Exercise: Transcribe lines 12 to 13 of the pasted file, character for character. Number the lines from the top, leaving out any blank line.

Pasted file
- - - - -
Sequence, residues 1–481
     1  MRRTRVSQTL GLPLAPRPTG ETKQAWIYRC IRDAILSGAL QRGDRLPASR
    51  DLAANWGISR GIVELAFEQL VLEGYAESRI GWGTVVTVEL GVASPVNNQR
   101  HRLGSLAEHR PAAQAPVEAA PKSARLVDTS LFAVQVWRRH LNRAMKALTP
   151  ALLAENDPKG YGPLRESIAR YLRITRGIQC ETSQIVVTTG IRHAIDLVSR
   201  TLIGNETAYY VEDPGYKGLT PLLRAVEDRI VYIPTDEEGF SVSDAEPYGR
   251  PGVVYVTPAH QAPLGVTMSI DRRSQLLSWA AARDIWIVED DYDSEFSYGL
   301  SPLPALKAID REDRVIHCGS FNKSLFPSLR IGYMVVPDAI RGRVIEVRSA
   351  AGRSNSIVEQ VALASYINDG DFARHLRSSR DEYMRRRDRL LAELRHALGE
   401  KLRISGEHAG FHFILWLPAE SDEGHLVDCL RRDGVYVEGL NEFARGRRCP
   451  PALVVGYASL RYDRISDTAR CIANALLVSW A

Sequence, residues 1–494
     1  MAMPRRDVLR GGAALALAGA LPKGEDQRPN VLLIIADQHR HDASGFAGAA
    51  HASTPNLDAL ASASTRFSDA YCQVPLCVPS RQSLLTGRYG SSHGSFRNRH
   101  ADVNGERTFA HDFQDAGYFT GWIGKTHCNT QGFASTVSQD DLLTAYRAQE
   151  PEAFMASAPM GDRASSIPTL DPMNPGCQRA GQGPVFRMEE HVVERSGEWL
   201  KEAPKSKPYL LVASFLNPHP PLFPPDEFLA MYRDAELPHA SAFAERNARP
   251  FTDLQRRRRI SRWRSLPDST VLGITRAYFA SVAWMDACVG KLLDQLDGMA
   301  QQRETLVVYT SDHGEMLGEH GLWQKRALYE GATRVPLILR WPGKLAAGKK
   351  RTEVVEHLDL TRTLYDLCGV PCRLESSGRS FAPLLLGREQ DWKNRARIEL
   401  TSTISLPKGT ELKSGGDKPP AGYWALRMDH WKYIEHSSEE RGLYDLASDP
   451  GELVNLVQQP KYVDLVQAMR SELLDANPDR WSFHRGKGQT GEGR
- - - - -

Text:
Sequence, residues 1–494
     1  MAMPRRDVLR GGAALALAGA LPKGEDQRPN VLLIIADQHR HDASGFAGAA